Should the Bears re-sign LB Danny Trevathan? It's complicated


It can be overwhelming to rank the personnel decisions the Bears have in front of them this offseason. There’s a $20+ million quarterback decision on Mitch Trubisky, a $13 million pass-rushing one on Leonard Floyd, and three of their four inside linebackers are unrestricted free agents when the new league year begins in mid-March. The Bears put one of those linebackers, Danny Trevathan, on IR Wednesday, further complicating an already sticky issue. 

“Talking through everything with where he’s at, with where we’re at, we just felt like right now is the right time,” Matt Nagy said. 

The Bears signed Danny Trevathan, who was coming off a Super Bowl title with the Denver Broncos, to a four-year, $28 million contract before the 2016 season. Since then, he’s started 45 of 46 games while logging 327 tackles (235 solo), six sacks and three forced fumbles. He’s also a highly respected leader at Halas Hall, and has been especially helpful with the development of Roquan Smith. 

“You could see Danny Trevathan really take him under his wing, and that was very important,” Nagy said in the wake of Smith’s season-ending pectoral injury. 

Usually, someone with Trevathan’s numbers and stature would be a likely candidate to return on a new contract. He won’t turn 30 until March, and was having one of his strongest seasons of his career until hurting his elbow against the Lions in a Week 10 win. The Bears don’t have a ton of salary space, but Ryan Pace has always shown an ability to create cap room, and that figures to be no different this offseason. If the Bears want to get something done with Trevathan, they very likely can. 

Whether they want to is an entirely different issue. Trevathan himself has repeatedly said that his backup, Nick Kwiatkoski, is a starting-caliber linebacker. Since Trevathan has been sidelined, not only has Kiwatkoski filled in, but earned himself a sizeable pay raise along the way.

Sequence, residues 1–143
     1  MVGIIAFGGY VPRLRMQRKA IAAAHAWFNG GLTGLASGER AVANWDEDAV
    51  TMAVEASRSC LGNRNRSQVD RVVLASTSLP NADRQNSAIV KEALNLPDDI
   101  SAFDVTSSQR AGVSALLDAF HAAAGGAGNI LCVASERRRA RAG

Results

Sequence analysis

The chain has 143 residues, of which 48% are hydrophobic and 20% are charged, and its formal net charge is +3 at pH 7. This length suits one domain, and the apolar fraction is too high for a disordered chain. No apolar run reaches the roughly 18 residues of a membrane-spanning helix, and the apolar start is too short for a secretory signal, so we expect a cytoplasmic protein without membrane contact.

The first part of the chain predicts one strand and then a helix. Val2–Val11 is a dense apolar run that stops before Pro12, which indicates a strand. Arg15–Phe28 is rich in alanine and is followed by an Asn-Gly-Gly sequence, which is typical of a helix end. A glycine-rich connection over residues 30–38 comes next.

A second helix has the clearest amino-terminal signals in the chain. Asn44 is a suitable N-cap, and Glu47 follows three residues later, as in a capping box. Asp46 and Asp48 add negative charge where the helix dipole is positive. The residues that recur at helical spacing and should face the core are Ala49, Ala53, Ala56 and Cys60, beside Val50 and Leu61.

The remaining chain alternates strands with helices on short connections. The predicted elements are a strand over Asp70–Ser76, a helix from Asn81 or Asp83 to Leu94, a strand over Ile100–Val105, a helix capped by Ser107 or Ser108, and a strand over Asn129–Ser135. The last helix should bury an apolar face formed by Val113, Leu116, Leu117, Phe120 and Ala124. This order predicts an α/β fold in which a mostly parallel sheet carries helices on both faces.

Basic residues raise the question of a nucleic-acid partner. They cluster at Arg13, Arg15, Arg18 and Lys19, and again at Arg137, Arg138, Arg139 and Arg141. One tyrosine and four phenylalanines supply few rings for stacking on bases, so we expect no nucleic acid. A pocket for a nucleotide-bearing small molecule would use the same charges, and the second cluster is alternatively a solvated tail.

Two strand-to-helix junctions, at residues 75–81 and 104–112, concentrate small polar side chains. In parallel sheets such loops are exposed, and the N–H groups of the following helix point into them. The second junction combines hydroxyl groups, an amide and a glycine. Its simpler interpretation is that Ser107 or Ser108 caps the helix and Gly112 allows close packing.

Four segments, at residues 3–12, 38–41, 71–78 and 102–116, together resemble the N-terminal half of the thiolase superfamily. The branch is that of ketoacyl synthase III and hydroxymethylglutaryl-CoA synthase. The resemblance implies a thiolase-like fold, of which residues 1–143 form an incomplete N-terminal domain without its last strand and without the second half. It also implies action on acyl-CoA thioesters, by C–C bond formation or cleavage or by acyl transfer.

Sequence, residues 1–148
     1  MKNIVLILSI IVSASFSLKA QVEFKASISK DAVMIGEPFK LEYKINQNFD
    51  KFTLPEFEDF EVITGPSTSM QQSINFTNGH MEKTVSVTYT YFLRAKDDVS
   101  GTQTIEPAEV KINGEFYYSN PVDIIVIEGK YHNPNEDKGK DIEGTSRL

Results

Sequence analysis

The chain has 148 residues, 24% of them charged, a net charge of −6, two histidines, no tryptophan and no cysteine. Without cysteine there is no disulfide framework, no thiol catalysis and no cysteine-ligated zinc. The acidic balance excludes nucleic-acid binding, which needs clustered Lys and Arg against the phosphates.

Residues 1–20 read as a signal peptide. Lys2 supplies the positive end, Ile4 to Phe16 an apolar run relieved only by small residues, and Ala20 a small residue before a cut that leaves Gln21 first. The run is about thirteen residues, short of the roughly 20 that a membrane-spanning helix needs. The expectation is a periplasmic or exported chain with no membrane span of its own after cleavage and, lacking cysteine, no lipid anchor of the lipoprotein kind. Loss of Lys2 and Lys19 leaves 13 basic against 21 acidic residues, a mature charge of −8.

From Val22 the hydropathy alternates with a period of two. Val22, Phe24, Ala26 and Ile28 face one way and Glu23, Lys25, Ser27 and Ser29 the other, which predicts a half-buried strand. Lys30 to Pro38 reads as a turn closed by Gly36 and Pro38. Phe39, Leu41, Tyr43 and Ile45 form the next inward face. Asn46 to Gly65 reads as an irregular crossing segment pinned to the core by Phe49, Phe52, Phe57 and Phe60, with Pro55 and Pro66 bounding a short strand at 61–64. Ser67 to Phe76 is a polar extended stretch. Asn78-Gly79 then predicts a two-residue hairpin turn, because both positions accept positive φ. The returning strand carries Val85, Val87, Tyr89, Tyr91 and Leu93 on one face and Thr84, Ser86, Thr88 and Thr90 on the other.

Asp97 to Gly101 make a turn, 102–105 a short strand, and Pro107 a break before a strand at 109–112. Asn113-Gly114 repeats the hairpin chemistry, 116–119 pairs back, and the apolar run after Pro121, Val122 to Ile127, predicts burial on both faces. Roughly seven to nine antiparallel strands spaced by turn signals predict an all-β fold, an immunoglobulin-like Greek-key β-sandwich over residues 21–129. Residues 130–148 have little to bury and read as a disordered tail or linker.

“I think we felt that early on with Kwit in training camp,” Trevathan said. “He came in in really good shape. You could see him flying around, you noticed it in preseason, training camp and then when he had that opportunity against the Vikings, you felt it there against a team that runs the ball a lot. We all know he can play the run game really well.” 

Since taking over in Week 10, Kwiatkoski has been the 11th-best linebacker in football, according to Pro Football Focus. He's earned a reputation as a run-stopping backer, but he's also played well against the pass, which was perceived as a weakness. His coverage grade (85.4) this season is the eighth best in the NFL. 

“There’s a perception about Kwit that I think, this year, he’s shown that he has coverage skills,” linebackers coach Mark Deleone said. “He’s done really well this year when we’ve put him in those situations.” 

So well, in fact, that it might make the Bears wonder how much of a priority re-signing Trevathan would be. At age 26, Kwiatkoski is four years younger, and he may not command the price tag of an established name and Super Bowl champion. There’s even a bleak reality where both Trevathan and Kwiatkoski price themselves out of what the Bears are comfortable with.

Add that to the list of the team's complicated personnel decisions.

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